CAA will keep working with authorities to make sure some real cycling change comes out of this, even if it very much starts out as a trucks project.

UPDATE: We are aware that some people see this post as “support” or “endorsement” of the East-West-Link project – and its potentially quite destructive effects on large areas of housing in South Auckland. To make it clear – we do not endorse the project, even though we are admittedly keen to use it as a chance to fix some key missing links in the cycle network.

However, on projects like this, CAA always faces a hard choice. If we fundamentally oppose them, and have nothing to do with them, then we have no ability to provide input closely to the planning teams. We could hope that overall opposition was strong enough to simply not make the project happen at all. Our experience of the last 5-10 years has sadly shown that that never seems to be the case – mainly due to pressure from Wellington, these projects happen. On the other hand, where we DID get involved, like on Waterview, we won substantial concessions for cycling, and we and others are building on them.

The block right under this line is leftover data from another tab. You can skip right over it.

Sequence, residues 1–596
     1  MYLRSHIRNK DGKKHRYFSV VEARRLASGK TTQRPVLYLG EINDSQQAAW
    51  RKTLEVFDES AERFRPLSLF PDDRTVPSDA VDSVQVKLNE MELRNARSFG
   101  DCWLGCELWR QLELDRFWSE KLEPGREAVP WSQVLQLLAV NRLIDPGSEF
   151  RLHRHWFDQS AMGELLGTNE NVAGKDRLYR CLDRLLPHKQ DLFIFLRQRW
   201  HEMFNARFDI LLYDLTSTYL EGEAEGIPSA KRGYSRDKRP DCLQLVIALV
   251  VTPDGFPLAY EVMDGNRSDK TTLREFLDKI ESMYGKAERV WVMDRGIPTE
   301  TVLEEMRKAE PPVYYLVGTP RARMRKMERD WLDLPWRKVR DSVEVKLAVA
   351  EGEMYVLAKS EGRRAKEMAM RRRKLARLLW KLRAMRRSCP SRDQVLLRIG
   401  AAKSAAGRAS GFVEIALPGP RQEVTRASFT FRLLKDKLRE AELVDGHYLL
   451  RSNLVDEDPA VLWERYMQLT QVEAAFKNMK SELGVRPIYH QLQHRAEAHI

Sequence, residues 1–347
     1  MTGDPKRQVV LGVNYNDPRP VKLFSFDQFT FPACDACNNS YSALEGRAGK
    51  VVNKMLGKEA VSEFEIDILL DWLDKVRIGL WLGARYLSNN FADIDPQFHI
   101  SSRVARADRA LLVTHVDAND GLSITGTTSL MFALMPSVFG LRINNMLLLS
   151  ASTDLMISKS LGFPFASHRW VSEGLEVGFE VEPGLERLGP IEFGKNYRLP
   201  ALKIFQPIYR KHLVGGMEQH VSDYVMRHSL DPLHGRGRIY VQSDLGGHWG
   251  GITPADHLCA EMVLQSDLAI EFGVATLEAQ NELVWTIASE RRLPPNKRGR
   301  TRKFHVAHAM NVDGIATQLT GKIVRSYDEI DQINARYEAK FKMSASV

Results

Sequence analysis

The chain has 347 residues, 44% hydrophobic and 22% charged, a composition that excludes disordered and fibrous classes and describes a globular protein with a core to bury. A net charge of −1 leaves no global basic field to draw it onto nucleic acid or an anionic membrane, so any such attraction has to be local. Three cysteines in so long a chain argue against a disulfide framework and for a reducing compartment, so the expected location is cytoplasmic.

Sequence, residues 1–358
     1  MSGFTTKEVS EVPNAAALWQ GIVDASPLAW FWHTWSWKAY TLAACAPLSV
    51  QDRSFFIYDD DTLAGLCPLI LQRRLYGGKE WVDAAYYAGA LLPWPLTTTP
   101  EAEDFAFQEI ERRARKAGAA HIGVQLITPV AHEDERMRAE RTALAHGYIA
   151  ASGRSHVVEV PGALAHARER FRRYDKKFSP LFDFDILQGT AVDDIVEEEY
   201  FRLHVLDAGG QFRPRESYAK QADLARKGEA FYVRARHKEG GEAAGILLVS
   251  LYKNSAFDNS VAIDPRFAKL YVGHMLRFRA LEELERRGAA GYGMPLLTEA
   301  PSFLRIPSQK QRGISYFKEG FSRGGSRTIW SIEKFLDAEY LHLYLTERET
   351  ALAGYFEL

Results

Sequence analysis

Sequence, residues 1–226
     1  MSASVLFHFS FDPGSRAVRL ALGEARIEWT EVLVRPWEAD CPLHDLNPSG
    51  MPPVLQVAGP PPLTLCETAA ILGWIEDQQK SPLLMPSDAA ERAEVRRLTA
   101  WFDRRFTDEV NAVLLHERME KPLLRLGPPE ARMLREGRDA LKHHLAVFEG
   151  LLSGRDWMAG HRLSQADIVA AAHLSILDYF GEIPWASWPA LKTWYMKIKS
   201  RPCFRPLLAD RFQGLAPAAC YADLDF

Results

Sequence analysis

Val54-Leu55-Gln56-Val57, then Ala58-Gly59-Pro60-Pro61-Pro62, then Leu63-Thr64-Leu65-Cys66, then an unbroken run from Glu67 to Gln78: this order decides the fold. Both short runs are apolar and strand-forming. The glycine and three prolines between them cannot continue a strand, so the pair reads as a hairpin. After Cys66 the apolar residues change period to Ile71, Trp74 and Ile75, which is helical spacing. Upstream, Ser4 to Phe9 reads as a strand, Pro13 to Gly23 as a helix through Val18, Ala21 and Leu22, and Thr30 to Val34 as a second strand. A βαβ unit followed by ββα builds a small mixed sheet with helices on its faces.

We are aware that to some, such compromises make us “beyond the pale”. But they are not compromises we make easily.